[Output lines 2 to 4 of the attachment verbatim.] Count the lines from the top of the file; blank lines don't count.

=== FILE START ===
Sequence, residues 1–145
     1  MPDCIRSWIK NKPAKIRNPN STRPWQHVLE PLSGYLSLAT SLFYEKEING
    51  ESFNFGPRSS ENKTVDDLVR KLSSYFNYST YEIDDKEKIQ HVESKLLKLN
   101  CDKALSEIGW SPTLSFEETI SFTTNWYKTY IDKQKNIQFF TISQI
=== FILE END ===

     1  MPDCIRSWIK NKPAKIRNPN STRPWQHVLE PLSGYLSLAT SLFYEKEING
    51  ESFNFGPRSS ENKTVDDLVR KLSSYFNYST YEIDDKEKIQ HVESKLLKLN
   101  CDKALSEIGW SPTLSFEETI SFTTNWYKTY IDKQKNIQFF TISQI